Recipe courtesy of Rick Martinez

Mole Coloradito

Getting reviews...
  • Level: Intermediate
  • Total: 4 hr
  • Active: 1 hr 30 min
  • Yield: 8 servings



  1. Position a rack in the center of the oven and preheat to 350 degrees F.
  2. Toast the ancho, guajillo, cascabel, avocado leaves, bay leaf, canela, clove, oregano, cumin, coriander and peppercorns on a rimmed baking sheet until browned in spots (but not charred!) and very fragrant, nutty and spicy, 5 to 7 minutes. Transfer to a large heatproof bowl.  
  3. Toast the raisins, prunes, almonds, peanuts, pecans, pumpkin seeds and sesame seeds on the same baking sheet until the nuts are lightly browned and the fruit are puffed and lightly toasted but not burnt, 10 to 12 minutes. Transfer to the bowl with the toasted chiles. 
  4. Meanwhile, heat the schmaltz in a large Dutch oven or heavy-bottomed pot over medium-high heat. Add the plantains and cook until deep golden brown and caramelized on both sides, 5 to 7 minutes. Transfer to a small bowl. Add the garlic, onions and 4 teaspoons salt to the pot and cook, stirring occasionally, until the onions are tender and lightly browned, 6 to 8 minutes. Add the tomatoes and cook, stirring occasionally, until most of the liquid has evaporated, 5 to 7 minutes. Add the reserved chile mixture, the plantains, and the stock and bring to a boil. Reduce the heat to low, cover and simmer until the chiles are very tender and fragrant, about 30 minutes. Discard the avocado leaves, bay leaf and canela (if you can find them). Remove the pot from the heat and let cool slightly.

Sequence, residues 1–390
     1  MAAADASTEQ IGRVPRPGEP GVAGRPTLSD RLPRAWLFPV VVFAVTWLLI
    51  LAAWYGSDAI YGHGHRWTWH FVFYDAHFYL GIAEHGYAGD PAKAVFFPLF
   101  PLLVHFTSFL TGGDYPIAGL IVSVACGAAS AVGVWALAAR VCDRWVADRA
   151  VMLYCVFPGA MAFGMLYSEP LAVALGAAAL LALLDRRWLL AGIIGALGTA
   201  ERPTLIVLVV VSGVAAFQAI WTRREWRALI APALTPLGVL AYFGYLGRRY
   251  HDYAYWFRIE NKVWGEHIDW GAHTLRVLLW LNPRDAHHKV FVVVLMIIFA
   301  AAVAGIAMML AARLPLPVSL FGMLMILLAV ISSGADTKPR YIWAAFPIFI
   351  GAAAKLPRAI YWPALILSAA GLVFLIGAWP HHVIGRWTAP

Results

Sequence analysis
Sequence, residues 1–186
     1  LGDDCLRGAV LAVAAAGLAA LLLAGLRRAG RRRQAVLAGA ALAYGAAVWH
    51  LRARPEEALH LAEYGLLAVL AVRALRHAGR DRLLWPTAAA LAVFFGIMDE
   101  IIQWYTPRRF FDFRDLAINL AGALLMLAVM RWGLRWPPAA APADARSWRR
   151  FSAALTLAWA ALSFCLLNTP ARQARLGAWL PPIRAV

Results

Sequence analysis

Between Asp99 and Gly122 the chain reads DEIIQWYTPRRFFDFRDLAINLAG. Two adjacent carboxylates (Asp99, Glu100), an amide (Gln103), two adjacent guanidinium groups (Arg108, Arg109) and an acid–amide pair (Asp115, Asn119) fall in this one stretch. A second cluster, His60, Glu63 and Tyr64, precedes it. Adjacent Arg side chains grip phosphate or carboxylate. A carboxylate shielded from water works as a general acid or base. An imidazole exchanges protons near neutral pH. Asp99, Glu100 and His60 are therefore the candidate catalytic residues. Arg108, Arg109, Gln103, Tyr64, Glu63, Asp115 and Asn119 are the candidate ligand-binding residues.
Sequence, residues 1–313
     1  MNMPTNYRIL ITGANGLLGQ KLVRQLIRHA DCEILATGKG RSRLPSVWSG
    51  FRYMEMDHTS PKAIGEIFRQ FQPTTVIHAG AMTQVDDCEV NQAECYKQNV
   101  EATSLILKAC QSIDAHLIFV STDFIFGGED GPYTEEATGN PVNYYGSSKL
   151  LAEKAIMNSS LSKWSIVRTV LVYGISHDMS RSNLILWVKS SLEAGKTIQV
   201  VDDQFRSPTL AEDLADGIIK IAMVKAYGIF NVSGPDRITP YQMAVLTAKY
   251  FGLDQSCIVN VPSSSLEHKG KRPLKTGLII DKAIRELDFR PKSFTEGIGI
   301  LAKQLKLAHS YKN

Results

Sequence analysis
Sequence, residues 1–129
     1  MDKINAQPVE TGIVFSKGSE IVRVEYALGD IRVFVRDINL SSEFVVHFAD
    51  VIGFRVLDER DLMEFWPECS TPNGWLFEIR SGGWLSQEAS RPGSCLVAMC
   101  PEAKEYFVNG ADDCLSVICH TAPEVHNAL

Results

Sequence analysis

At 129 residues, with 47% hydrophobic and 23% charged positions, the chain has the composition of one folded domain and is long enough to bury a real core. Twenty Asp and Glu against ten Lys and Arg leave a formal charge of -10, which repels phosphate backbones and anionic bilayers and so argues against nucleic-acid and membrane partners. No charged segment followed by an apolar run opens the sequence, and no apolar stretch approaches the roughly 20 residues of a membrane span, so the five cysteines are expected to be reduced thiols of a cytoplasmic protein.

5. Working in batches, transfer the stewed chiles to a blender and puree until very smooth and thick. Transfer to a large bowl and repeat with the remaining stewed chiles.  
  6. Wipe the pot clean, transfer the mole to the pot and bring to simmer over medium-high heat, stirring constantly to prevent from sticking to the bottom of the pot. Simmer until the mole is the consistency of a smooth, thick tomato sauce, 5 to 10 minutes, adding water or additional stock if the sauce is too thick. Add the chocolate and stir until melted. Season with salt. Remove from the heat. Serve over roasted turkey or roasted chicken. Top with toasted sesame seeds.   

Cook’s Note

Avocado leaves are commonly used in southern Mexican cooking, especially in the state of Oaxaca. They can be used fresh or dried similar to the way we use bay leaves in the US. The leaves have a mild anise flavor and are often toasted to bring out a hazelnut flavor. They can be purchased in specialty food stores, Mexican grocery stores or online. Canela (Ceylon cinnamon) is the variety of cinnamon most commonly used in Mexico. The sticks are thinner and softer than the cassia cinnamon sticks used in the US and have a more delicate, sweet and floral flavor with less of the "heat" of the cassia.